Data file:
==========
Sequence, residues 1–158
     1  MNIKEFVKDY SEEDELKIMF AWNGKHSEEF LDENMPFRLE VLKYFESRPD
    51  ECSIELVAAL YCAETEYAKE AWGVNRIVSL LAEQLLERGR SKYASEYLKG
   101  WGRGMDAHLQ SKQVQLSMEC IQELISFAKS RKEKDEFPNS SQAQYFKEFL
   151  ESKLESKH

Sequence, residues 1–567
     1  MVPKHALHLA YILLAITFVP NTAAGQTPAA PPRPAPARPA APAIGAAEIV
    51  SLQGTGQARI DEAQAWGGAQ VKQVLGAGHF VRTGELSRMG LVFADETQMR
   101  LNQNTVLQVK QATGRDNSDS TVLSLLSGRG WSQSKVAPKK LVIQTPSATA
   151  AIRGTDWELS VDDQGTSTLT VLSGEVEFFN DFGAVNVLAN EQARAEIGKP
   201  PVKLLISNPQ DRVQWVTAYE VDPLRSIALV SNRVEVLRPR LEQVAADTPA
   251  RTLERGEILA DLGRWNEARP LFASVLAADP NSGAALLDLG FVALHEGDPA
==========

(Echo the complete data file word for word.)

Sequence, residues 1–158
     1  MNIKEFVKDY SEEDELKIMF AWNGKHSEEF LDENMPFRLE VLKYFESRPD
    51  ECSIELVAAL YCAETEYAKE AWGVNRIVSL LAEQLLERGR SKYASEYLKG
   101  WGRGMDAHLQ SKQVQLSMEC IQELISFAKS RKEKDEFPNS SQAQYFKEFL
   151  ESKLESKH

Sequence, residues 1–567
     1  MVPKHALHLA YILLAITFVP NTAAGQTPAA PPRPAPARPA APAIGAAEIV
    51  SLQGTGQARI DEAQAWGGAQ VKQVLGAGHF VRTGELSRMG LVFADETQMR
   101  LNQNTVLQVK QATGRDNSDS TVLSLLSGRG WSQSKVAPKK LVIQTPSATA
   151  AIRGTDWELS VDDQGTSTLT VLSGEVEFFN DFGAVNVLAN EQARAEIGKP
   201  PVKLLISNPQ DRVQWVTAYE VDPLRSIALV SNRVEVLRPR LEQVAADTPA
   251  RTLERGEILA DLGRWNEARP LFASVLAADP NSGAALLDLG FVALHEGDPA